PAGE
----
Archivi tag: dark matter

Complementarity of cosmological probes

In the past decade we have been able to determine cosmological parameters with uncertainties smaller than ever before. The availability of many independent observational probes – all pointing in the same direction – suggests that they are also accurate, i.e. not dominated by unknown systematic errors. Remarkably, this wealth of observational data can be explained by a relatively simple cosmological model dominated by dark matter and dark energy and governed by general relativity.

However, many profound questions remain unanswered, including:

  • What is the nature of dark energy ?
  • What is the nature of dark matter ?
  • Is general relativity the correct theory of gravity on the scales of the Universe ?

In the near future, as the precision of independent cosmological probes increases further (for example with the upcoming release of the Planck satellite cosmological results), it will be possible to answer this kind of questions. Alternatively, and more radically, it is also possible that by comparing and combining independent probes of increasing precision and accuracy some fundamental inconsistency in the standard cosmological model will be revealed, leading to the discovery of new physics.

The purpose of the workshop is to bring together in a friendly atmosphere observers and theorists in order to understand the strengths, weaknesses, and complementarity of different cosmological probes, and how best to combine the information and inform models. Pedagogic reviews will introduce each topic, and ample time for discussion will be available during talks and between sessions, and through panel discussions. There will be opportunities for contributed talks and posters. Attendance will be limited to 90 people maximum, on a “first come, first served” basis.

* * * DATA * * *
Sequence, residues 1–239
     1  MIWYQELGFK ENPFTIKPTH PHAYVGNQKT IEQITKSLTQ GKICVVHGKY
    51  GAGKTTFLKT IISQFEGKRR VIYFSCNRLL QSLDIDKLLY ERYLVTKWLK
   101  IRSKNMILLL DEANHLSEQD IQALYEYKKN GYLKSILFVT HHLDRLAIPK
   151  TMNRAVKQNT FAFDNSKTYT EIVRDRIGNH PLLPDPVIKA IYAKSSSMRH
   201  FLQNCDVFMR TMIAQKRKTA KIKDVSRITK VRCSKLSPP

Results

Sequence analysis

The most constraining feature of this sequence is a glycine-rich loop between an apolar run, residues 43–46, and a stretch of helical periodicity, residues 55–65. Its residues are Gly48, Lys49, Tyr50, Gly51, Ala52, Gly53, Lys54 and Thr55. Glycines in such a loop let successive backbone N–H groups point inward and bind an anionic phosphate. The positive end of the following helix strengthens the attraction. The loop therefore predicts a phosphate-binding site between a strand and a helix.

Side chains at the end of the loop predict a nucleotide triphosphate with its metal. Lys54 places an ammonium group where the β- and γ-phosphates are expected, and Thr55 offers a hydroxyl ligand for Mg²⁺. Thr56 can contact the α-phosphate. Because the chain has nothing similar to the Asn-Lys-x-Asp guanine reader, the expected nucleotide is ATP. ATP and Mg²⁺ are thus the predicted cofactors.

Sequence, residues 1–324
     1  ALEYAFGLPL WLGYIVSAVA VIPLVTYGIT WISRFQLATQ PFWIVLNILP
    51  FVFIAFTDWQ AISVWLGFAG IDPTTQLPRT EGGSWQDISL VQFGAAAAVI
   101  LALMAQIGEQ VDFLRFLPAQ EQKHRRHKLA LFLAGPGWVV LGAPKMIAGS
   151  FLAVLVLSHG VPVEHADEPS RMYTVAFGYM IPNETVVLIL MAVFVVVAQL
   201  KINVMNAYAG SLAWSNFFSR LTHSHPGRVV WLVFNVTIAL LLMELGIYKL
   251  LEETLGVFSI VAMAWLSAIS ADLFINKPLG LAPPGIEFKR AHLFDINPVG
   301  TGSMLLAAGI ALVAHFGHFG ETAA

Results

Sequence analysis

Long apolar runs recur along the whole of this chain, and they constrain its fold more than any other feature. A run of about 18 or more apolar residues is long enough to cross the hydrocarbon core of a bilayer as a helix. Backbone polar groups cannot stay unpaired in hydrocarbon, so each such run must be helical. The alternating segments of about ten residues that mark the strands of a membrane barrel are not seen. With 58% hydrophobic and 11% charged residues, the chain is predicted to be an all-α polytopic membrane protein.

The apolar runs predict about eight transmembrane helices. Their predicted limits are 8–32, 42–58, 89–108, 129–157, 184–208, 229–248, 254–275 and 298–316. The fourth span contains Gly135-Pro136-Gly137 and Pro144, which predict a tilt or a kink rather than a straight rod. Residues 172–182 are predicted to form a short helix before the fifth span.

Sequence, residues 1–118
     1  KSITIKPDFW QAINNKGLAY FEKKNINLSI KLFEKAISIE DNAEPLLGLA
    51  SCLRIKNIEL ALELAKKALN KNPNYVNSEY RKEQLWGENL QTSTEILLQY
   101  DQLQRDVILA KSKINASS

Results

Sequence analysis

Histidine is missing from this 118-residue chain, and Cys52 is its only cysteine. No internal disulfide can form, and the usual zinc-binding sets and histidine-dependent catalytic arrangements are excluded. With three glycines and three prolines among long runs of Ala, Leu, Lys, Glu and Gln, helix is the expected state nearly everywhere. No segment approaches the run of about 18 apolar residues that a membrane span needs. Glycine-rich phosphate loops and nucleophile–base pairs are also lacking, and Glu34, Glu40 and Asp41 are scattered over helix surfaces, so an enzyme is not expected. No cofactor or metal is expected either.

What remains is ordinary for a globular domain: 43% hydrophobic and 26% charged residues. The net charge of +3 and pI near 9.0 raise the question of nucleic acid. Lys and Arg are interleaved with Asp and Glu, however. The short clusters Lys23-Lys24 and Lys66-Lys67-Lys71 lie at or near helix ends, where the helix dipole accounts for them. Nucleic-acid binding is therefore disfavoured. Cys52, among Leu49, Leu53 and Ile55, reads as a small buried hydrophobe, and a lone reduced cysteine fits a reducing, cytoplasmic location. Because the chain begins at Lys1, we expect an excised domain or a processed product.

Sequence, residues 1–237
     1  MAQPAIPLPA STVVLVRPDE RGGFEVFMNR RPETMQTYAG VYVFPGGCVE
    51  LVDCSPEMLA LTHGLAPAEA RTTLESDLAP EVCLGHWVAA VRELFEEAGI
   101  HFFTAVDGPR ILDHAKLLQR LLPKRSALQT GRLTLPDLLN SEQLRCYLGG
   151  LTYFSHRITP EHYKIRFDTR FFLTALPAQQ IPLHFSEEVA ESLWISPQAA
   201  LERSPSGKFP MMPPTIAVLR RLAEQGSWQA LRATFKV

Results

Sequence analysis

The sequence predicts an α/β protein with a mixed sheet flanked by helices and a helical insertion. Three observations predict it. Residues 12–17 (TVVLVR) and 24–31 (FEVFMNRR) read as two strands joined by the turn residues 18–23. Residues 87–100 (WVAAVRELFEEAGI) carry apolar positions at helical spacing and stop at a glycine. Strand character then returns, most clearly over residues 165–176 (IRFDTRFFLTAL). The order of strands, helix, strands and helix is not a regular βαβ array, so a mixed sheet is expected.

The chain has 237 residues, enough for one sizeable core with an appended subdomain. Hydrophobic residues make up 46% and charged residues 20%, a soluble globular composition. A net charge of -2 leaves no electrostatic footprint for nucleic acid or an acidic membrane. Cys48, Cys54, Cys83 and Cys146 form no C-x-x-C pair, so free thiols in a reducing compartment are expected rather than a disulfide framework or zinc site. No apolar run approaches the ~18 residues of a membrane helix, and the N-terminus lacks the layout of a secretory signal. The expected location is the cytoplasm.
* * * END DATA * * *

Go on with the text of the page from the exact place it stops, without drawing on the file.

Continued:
New ‘light’ on dark matter from galaxy clusters

Un gruppo di astronomi della University of Birmingham (UK), Academica Sinica in Taiwan e del Kavli Institute of Physics and Mathematics of the Universe in Japan, hanno trovato una nuova evidenza relativa al comportamento della materia scura, quella enigmatica componente che domina il contenuto di materia dell’Universo. Secondo i loro dati, la materia scura sarebbe di tipo “cold” su cui si basa il modello Lambda-CDM.

At a press conference in Taipei the team of astronomers report their measurements of the density of dark matter in the most massive objects in the universe, namely galaxy clusters.

They found that the density of dark matter decreases gently from the centre of these cosmic giants out to their diffuse outskirts. The fall in dark matter density from the centre to the outskirts agrees very closely with the CDM theory.